Difficult Conversations: Quite a few of us, including yours truly till fairly recently, think that Facebook, Twitter, Snapchat and Instagram are the only danger zones on internet and we have done our bit if we have protected kids from these till they grow old enough to use them responsibly. The story sadly doesn't even begin there.
Is it the skin tone? Is it straight, shiny hair? Or is it a mindful life? Read, research, and reassess to come to the conclusion. Your opinion. Not something which has been manufactured by social and media pressure. Talk to the child about what truly matters. Lead by example.
Take it as a good opportunity to learn together about relationships. Try to help the child analyse what went wrong. This is a very important skill to have for future relationships. We do not want to be at either extremes of "it was all my fault", or "it was all the friend's fault".
"Why do we feel that money is the essence of happiness? Yes, money is important. It's much tougher to go against that tide and let the child explore their passions, make some mistakes and then make their way."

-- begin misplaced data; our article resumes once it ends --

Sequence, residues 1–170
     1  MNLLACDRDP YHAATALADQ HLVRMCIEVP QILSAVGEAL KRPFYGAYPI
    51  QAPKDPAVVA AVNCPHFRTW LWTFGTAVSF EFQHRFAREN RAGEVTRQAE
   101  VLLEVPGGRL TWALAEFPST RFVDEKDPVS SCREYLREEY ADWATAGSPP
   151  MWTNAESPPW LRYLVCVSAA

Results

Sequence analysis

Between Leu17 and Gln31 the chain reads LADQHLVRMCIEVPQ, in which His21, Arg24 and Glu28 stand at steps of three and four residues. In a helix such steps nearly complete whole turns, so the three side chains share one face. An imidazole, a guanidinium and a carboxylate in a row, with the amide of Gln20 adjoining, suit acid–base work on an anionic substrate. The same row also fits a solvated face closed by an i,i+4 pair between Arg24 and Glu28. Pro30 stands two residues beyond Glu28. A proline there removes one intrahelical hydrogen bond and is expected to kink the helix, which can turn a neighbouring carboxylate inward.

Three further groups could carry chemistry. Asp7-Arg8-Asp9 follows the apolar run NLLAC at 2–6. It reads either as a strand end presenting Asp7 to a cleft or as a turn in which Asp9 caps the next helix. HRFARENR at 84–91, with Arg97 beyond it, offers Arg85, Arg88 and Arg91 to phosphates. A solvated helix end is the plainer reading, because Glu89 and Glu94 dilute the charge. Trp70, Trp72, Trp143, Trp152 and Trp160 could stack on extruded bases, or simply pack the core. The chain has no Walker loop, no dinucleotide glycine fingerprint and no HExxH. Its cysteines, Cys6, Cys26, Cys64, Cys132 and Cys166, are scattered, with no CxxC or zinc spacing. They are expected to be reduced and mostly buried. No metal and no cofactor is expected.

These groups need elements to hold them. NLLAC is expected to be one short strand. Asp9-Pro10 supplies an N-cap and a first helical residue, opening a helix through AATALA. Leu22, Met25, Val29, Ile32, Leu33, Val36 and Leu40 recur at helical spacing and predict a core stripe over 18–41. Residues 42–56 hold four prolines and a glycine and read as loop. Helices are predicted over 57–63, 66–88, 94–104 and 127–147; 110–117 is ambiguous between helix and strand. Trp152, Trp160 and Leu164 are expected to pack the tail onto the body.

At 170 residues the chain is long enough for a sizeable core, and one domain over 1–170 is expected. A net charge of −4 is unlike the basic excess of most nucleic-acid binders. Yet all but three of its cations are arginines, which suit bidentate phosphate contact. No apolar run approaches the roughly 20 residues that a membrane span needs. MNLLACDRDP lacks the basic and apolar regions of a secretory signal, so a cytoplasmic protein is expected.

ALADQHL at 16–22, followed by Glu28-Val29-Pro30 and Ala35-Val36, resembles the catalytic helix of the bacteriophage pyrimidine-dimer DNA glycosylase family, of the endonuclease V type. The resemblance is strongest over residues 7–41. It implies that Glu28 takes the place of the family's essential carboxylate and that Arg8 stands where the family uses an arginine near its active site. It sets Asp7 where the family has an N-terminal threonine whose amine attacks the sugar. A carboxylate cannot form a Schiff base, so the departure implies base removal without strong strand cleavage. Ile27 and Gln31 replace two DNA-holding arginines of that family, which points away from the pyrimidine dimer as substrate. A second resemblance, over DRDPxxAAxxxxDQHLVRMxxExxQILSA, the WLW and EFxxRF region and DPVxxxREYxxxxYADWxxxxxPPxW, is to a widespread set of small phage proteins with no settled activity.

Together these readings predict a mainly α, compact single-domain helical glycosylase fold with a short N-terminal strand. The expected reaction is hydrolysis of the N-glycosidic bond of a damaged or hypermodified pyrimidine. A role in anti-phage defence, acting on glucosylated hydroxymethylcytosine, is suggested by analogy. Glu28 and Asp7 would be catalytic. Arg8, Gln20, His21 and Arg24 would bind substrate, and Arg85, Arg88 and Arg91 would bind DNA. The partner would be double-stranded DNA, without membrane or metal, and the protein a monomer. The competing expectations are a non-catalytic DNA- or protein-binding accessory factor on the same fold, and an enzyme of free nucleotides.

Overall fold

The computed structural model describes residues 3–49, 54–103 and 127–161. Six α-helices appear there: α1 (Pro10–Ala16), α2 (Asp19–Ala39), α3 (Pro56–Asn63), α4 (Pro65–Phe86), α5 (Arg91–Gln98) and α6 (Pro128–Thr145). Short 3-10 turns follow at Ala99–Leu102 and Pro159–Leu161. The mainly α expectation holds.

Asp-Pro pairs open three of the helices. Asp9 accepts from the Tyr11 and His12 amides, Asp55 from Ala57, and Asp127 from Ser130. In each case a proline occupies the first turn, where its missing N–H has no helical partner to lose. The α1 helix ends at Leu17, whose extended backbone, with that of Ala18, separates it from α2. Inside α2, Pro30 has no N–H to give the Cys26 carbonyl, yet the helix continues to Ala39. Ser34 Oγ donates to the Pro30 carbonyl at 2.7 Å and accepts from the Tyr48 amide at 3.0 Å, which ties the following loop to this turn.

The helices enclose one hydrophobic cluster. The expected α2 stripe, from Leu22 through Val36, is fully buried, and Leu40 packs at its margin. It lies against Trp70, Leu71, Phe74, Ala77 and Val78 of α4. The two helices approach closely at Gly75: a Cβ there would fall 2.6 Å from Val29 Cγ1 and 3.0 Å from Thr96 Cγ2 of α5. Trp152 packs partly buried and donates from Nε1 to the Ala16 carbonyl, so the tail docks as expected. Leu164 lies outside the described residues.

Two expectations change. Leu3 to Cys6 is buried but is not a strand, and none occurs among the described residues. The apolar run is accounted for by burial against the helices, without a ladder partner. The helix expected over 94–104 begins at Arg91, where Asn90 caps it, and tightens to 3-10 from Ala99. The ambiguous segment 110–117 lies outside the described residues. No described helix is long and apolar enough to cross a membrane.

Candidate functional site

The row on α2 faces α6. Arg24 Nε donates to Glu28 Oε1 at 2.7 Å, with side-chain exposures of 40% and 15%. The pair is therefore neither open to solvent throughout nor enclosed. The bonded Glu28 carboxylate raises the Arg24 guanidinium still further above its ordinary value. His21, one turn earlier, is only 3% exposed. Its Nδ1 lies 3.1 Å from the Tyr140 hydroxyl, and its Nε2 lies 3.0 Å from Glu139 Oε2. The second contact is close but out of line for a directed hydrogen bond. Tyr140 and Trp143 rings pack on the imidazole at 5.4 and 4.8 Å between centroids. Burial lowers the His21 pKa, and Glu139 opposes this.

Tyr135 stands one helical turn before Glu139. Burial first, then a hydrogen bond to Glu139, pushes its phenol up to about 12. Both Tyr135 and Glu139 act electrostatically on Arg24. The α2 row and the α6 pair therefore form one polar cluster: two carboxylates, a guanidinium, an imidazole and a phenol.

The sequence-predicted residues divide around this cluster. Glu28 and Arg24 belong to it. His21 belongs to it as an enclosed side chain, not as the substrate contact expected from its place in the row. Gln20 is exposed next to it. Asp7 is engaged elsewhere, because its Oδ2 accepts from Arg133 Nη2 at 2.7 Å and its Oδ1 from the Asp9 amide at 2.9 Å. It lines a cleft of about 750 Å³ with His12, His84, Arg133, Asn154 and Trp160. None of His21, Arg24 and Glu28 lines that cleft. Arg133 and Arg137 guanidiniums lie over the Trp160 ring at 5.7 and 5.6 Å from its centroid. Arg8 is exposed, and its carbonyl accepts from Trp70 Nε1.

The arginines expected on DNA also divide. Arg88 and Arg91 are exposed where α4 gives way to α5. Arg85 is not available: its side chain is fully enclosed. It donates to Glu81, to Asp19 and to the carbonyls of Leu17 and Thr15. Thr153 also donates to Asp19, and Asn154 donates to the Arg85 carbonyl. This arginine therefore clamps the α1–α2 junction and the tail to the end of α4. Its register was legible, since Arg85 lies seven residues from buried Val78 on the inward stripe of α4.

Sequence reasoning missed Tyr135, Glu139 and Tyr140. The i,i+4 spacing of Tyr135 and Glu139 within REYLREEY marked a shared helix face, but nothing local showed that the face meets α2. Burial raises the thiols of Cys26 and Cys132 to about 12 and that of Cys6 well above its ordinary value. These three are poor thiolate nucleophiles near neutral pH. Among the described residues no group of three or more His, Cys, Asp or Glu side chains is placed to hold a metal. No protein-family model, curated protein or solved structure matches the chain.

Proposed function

Difficult Conversations: "The boy was missing home, specifically his room and the huge bed that fits his six feet two inches frame. He whispered, 'I miss home'. I wanted to pack the home and take it to him in a blink. Instead, I let him speak, grumble and complain."
We are the harshest critics of self. As mothers, we are constantly judging ourselves. "Am I a good mum?" - this question forever echoes in our ears. In the process of continuous criticism of self, we feed the little beast that is self-doubt.
Kids ought to feel the joy when they compete in those maths classes, dance competitions or cut-throat academics and not a sharp shove from the over-ambitious parent who has elaborate designs to ensure a blindingly bright future.
Even research says that women who go out with friends are healthier, happier. It doesn’t have to be a well-planned pub outing. A cup of coffee, a shopping trip, an all girls holiday — whatever works. Everything counts.
In the last few years I have met a lot of people boasting that they shared a beer with their 16 or 18-year-old as a marker of the special birthday. Their logic is, "the kids will do it anyway." Also, since most of us enjoy an occasional glass or two, we assume that it is harmless if the child did too.